On Monday January 11th, the Oregon Department of Agriculture released a list of over 250 pesticides cannabis growers can use on their crops safely. The list is available at the ODA’s cannabis and pesticides webpage (at end)
Currently, there are no registered pesticide products in Oregon that are specifically labeled for use on marijuana. But, ODA has established criteria for possible products that mPesticide List Released & Guardian Banneday be used on marijuana. They hope to help the growers distinguish pesticide products labels. Many do not legally prohibit use on cannabis, but many do not allow use, officials said.
The criteria for use of a pesticide on cannabis is: it is intended for unspecified food products, is exempt from a tolerance, and is considered low-risk. If you use pesticides for cannabis production you should consult the guide list, follow the product label, and use that product according to its directions, according to the agency said. ALL other products could be considered illegal and it may be considered a violation of the Oregon Pesticide Laws if they are used.
Five days after the list was released, the ODA temporarily removed Guardian Mite Spray, a popular pesticide from the list. From their news release dated February 5th:
“The Oregon Department of Agriculture has ordered stoppage of sale and the removal of the pesticide product Guardian, which is labeled for use on ornamental, food, and feed crops for mite control but also used by cannabis growers. In addition, ODA is asking growers who may have purchased the pesticide product to refrain from using it. ODA’s actions come following an investigation of the product that found the presence of the pesticide active ingredient abamectin, which is not listed on the product label.
A statewide Stop Sale, Use, or Removal Order (SSURO) has been issued by ODA to the manufacturer of Guardian, All In Enterprises, Inc. of Machesney Park, Illinois. The order calls for the company to immediately cease all sales, offers of sale, or other distribution of the product in Oregon.
The product label identifies the active ingredients as cinnamon oil and citric acid, and claims the product is 100 percent natural. ODA’s investigation was a result of concerns of product adulteration brought to the agency by a private laboratory as well as representatives of the cannabis industry. ODA’s Pesticides Program obtained and sampled Guardian from several retail locations in Oregon. Laboratory analysis found the presence of abamectin.”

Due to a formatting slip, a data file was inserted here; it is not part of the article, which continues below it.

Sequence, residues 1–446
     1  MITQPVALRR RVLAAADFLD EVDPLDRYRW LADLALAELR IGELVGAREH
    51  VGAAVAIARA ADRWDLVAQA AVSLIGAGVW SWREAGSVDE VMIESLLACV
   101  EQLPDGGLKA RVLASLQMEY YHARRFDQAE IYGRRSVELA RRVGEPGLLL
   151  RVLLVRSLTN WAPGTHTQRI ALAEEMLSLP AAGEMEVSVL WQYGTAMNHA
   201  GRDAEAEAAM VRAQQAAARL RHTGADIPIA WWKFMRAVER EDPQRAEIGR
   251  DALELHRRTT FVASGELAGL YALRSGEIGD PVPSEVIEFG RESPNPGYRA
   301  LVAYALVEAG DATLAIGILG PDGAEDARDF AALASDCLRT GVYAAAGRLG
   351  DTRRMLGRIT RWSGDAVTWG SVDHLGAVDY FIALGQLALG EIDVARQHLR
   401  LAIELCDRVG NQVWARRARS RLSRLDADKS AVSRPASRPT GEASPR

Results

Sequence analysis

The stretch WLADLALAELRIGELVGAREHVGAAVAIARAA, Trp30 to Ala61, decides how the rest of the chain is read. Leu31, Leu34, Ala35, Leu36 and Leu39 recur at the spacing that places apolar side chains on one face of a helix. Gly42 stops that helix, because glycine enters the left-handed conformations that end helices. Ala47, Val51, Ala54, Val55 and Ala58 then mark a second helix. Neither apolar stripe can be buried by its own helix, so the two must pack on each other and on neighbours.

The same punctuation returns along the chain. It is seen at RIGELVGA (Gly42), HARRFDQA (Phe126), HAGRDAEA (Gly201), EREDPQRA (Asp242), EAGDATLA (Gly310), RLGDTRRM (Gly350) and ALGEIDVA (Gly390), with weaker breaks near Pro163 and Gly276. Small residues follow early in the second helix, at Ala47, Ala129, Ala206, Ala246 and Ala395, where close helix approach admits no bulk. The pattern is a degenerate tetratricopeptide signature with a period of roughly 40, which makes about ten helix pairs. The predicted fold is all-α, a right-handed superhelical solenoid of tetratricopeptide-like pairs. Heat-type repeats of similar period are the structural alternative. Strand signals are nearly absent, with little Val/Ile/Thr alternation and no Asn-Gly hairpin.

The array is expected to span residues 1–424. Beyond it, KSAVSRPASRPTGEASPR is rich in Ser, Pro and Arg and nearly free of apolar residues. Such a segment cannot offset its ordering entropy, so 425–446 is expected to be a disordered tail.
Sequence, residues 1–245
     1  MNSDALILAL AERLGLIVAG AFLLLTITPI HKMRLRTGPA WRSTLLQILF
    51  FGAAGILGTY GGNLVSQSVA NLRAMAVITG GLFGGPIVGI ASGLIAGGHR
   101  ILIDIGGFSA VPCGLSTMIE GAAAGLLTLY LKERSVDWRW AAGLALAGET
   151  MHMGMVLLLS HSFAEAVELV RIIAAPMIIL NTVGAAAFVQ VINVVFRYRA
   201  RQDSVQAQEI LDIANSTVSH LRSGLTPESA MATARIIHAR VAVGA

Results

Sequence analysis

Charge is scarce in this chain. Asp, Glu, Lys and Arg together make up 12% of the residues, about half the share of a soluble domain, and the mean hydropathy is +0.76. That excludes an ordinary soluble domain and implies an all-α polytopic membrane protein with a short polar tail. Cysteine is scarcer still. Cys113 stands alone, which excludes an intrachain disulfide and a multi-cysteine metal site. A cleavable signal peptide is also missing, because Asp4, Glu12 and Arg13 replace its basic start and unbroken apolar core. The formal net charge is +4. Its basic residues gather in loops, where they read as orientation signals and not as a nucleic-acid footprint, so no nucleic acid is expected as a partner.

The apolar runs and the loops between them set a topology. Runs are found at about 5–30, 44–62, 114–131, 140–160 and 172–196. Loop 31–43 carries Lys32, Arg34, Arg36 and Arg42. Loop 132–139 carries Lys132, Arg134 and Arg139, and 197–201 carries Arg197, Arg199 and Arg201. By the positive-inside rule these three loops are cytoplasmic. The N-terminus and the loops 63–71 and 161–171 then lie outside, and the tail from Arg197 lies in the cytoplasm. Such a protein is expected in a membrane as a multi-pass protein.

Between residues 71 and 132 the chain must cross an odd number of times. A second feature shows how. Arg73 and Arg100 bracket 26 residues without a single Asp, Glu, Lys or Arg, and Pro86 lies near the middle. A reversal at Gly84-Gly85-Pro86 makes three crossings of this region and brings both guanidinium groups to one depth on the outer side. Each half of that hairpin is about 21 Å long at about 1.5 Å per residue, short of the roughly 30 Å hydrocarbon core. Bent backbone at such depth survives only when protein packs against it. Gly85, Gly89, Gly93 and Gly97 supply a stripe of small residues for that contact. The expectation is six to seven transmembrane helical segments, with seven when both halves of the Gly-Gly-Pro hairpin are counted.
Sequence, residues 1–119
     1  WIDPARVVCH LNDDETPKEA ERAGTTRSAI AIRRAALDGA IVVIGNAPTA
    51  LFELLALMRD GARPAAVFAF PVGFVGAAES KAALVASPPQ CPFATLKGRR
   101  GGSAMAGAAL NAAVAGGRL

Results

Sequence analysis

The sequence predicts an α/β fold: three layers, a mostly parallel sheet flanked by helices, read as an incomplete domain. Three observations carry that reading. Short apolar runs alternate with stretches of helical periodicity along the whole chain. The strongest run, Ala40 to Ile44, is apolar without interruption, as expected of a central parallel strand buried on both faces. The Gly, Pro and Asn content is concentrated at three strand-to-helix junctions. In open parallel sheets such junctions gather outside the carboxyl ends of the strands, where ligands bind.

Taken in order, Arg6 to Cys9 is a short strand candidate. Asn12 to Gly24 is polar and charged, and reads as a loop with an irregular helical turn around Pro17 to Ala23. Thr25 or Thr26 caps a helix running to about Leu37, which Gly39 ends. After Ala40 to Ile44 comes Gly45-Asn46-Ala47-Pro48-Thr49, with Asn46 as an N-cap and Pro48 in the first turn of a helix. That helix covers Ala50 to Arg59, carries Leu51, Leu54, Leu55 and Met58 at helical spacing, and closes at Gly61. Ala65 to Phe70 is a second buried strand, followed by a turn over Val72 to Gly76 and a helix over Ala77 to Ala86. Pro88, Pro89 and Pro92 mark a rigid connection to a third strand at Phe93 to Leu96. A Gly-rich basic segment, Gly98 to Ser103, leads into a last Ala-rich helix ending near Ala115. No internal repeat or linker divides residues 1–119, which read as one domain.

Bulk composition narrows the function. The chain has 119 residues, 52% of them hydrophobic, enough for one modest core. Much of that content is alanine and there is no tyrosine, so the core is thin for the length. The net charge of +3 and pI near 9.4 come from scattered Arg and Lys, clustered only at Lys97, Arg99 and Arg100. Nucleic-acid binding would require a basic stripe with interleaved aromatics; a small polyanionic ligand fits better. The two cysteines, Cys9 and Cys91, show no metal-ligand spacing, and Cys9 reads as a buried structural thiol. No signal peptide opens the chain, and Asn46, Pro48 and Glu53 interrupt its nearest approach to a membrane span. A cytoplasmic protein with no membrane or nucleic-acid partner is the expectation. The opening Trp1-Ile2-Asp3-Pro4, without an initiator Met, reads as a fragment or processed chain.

According to an exchange on the phone between Oregonlive’s Noelle Crombie and the companies owner, the company didn’t know they had to list all the “active ingredients”.Oregonlive reported:
“A man identifying himself as an owner of the Illinois-based company that makes the product said it contains ivermectin, a chemical similar to abamectin. Ivermectin is not listed on the product label as required.
The man said he did not realize the product label had to include all active ingredients. He said the product has been on the market for about a year.
“We weren’t trying to pull anything,” he said. “We put it in there, and it wasn’t on the label and that’s our fault.”
The list is a powerful tool, and garden supply stores and hydroponic shops should be aware of it, and changes that will happen regularly. Cannabis gardeners that are expecting to sell to the public should also pay close attention to the list and changes.
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